Monogonont rotifer. Lorica is present and pear-like shape.
Laboratory clone Bm L5 has been chosen to formally describe Brachionus manjavacas n.sp.
SOURCE AND ADDITIONAL INFORMATION
Brachionus manjavacas lives in brackish water habitats, including inland salt waters.This species is mainly parthenogenetic with the occasional generation of males. Sexual reproduction produces diapausing embryos (resting eggs).
Type locality: Laguna de Manjavacas, Guadiana basin, Spain.
This species has been found in Spain at the Laguna of Manjavacas. It is known from other Spanish sampling sites, other than the type locality: Laguna del Camino de Villafranca, Laguna de Tìrez . Other sites where the species has been found previously are: Spain (Laguna de Gallocanta, Laguna del Longar de Lillo, Laguna de Fuente de Piedra, Laguna de Capacete, Laguna de Pétrola). Tunisia (Korba ebkhet), and Russia (Sea of Azov).
Parthenogenetic female. Lorica soft, shape pear-like, very similar to B. plicatilis. Anterior dorsal margin of the lorica with three pairs of spines flanking the U-shaped sinus; anterior ventral margin with two pairs of rounded lobules. Corona with typical features. Foot aperture sub-terminal; end of foot with two main toes and a smaller median toe. Lateral antennae medially located. Trophi. Malleate type, Fulcrum short, flattened laterally. Rami broad, rounded externally, asymmetrical, usually right ramus longer; inner margins with uniform zig-zag like reinforced ridge; satellites prominent, each with an acute point characteristic of the species. Unci with 6-8 teeth; shafts and teeth almost completely fused; teeth gradually decreasing in size from the ventral one, with the second tooth, either on left or on right uncus, bigger than the first one; distal margin of uncus plate, connecting to manubria, V-shaped, with shortest section of V ventral. Subunci brush-like, with many scleropili. Manubria with crest on dorsal surface of medium height.
Muscular system of B. manjavacas comprised fibers mainly arranged in longitudinal and circular orientations. Muscles were present as fibers of the body wall (somatic) or present in a visceral (splanchnic) position. Somatic muscles consisted of inner longitudinal and outer dorsoventral arrangements, except for circular muscles of the head (pars coronalis and coronal sphincter) and at the junction of foot and toes (circumpedalis), common in most rotifers. Splanchnic muscles were present in the gut of females and reproductive apparatus of males. Between the two sexes, differences in the general organization of the somatic musculature were not observed, except for the musculature of the head. The muscle pars coronalis was complete in females, but ventrally open in males; the coronal sphincter was present only in males. A few other differences were seen in the diameter and points of insertion of muscular fibers.
For trophi morphology see: http://users.unimi.it/melone/trophi/start.html
Measurements (range, and in parenthesis, mean ± standard error, in µm): Parthenogenetic female (N = 0, optical microscopy). Lorica length 217.5-312.0 (258.0 ± 2.5), lorica width 147.0-205.0 (172.5 ± 2.0).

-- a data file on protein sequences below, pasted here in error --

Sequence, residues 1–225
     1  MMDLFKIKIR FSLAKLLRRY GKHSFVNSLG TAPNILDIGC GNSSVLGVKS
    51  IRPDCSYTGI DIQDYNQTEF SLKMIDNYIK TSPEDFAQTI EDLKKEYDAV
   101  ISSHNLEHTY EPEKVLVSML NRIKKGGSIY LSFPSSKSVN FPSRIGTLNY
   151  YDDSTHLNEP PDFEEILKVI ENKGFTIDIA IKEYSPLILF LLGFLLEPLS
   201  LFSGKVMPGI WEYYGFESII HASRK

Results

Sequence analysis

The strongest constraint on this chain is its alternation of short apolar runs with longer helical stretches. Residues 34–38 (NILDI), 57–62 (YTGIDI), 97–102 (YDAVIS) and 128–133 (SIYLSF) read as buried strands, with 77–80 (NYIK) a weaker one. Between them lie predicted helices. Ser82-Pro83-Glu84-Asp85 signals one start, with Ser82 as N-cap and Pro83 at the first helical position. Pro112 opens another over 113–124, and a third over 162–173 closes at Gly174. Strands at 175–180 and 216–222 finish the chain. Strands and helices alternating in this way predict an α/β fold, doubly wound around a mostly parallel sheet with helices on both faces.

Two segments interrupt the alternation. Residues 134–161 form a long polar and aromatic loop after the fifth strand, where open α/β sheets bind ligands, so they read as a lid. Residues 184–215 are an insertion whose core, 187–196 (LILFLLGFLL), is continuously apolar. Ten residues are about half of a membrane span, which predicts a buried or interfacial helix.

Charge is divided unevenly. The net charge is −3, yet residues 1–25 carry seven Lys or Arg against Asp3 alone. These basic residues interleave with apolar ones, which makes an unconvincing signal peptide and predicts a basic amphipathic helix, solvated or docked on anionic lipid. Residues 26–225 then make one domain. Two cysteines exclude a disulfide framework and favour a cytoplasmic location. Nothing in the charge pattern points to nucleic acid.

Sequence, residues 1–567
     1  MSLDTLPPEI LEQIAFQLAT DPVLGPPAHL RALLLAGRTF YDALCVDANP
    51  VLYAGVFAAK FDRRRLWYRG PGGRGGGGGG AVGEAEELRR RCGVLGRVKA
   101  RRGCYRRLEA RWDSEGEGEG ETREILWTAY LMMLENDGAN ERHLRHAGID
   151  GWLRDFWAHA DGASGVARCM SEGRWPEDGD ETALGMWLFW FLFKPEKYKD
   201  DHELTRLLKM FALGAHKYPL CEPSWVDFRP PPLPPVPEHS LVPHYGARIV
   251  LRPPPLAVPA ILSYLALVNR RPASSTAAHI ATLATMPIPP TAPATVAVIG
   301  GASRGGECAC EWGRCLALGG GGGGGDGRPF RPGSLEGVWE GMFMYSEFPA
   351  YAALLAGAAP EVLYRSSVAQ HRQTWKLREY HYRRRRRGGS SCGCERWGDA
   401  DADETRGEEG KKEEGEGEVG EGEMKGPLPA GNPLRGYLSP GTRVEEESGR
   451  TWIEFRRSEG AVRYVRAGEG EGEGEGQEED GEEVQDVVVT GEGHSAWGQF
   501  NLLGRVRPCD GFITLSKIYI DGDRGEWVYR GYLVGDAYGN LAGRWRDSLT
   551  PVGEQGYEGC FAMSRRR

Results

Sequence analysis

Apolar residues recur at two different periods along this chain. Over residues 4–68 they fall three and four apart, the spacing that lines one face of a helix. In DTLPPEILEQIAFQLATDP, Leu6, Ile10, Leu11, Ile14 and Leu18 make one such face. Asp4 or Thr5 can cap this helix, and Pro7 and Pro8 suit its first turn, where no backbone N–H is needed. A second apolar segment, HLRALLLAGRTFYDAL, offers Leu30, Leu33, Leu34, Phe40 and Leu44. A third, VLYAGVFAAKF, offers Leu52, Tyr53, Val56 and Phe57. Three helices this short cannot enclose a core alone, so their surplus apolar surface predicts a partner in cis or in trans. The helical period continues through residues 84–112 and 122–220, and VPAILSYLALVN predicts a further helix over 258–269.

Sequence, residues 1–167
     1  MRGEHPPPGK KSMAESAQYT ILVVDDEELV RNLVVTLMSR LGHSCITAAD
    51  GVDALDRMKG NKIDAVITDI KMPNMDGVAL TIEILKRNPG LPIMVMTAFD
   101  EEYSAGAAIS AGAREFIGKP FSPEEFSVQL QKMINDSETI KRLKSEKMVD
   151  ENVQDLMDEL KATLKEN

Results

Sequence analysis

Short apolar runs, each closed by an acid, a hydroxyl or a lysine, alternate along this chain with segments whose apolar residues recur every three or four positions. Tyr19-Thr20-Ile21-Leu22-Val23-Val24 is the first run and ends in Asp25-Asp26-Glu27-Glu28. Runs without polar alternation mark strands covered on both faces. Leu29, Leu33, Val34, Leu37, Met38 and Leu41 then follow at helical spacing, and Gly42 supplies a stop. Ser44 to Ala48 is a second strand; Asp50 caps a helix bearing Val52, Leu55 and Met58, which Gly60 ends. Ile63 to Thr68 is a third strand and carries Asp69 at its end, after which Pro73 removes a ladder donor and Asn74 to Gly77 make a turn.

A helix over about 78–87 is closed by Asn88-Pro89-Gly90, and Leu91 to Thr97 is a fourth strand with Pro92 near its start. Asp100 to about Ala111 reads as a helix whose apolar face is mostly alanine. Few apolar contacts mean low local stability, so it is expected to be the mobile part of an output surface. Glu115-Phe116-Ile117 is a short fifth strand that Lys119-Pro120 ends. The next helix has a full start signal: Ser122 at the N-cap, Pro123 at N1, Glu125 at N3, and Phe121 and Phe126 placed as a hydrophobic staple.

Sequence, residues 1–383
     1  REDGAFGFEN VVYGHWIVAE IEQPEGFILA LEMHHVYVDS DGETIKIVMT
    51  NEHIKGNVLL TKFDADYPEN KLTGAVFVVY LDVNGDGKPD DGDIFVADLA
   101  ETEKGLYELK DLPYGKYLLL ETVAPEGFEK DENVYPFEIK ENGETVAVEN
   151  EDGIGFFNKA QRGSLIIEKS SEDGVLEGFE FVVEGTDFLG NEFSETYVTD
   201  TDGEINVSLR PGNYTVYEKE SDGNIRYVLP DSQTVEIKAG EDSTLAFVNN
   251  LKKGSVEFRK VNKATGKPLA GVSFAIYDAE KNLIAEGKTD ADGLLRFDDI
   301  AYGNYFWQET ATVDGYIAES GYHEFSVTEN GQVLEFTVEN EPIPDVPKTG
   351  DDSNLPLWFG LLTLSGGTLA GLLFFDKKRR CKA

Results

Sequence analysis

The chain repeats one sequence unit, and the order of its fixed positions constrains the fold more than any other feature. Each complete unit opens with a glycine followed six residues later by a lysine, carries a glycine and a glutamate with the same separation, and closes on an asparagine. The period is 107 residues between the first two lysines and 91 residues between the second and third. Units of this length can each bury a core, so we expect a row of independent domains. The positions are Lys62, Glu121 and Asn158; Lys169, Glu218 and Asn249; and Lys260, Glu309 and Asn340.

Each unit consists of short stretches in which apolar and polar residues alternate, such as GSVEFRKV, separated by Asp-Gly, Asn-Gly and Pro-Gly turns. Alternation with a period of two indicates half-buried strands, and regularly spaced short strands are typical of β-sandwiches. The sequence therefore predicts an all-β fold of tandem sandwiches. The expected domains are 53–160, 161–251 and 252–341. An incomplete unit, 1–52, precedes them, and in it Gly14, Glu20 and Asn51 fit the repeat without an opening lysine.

Trophi. Larger ramus length 23.07-36.34 (28.91 ± 0.28, N = 89), smaller ramus length 21.22-32.55 (26.34 ± 0.28, N = 89), uncus length 16.92-33.49 (26.97 ± 0.16, N = 251), manubrium length 9.65-48.21 (38.53 ± 0.20, N = 376).
Brachionus manjavacas is a species of the Ltype B. plicatilis complex, and cannot be reliably distinguished from B. plicatilis s.s. on lorica shape, body size, shape of anterior spines, and trophi size, so that a morphological stasis has been proposed and here confirmed, despite ancient divergence. Presently, the only available morphological feature to distinguish B. manjavacas from B. plicatilis s.s. is the shape of the satellites of the rami, which are much more acutely pointed along the inner upper margin in B. manjavacas. The most reliable feature to discriminate this species is still molecular barcoding, and genbank deposited sequences for this clone are AF387257 for COI, and AF387213 for ITS1 for SEM, in the collection of G. Melone at the University of Milan, Department of Biology.
Type locality: Laguna de Manjavacas, Guadiana basin, Spain, approx. coord. 39'25°N, 2'53'W.
Holotype: A parthenogenetic female in a permanent, glycerin glass slide mount deposited in the Museo civico di Storia Naturale di Milano (MSNM), Italy, catalogue nr. IV75.
Paratypes: Two slides with one specimen each, catalogue MSNM nr. IV76–77; one stub with 20 parthenogenetic females prepared for SEM, and three stubs with 8, 9, and 46 trophi preparations
Brachionus plicatilis Müller, 1786
Saltwater habitat, planktonic.
Without active dispersal stage: direct development. However, passive and not active dispersing stages exist, during both embryo- (eggs and resting eggs) and adult phase.
In brackish water habitats, including inland salt waters.
Life History and Behavior
Monogonont rotifers, which include Brachionus, are cyclical parthenogens; they proliferate asexually in the laboratory forming clones, with males being much more infrequent than females. Brachionus manjavacas is a planktonic rotifer moving by cilia-beating present on the head.
Parthenogenesis dominates the life cycle where reproduction occurs in the absence of males (amictic phase). In response to certain environmental cues, such as temperature, population density, and food quality and quantity changes, males may be produced and sexual reproduction takes place (mictic phase)
Amictic females are diploid and produce diploid (amictic) eggs. Mictic females produce male eggs which are smaller and more numerous than amictic eggs. Fertilized mictic females produce a diapausing embryo called a resting egg.
Cyclically parthenogenetic and sexual.
Molecular Biology and Genetics
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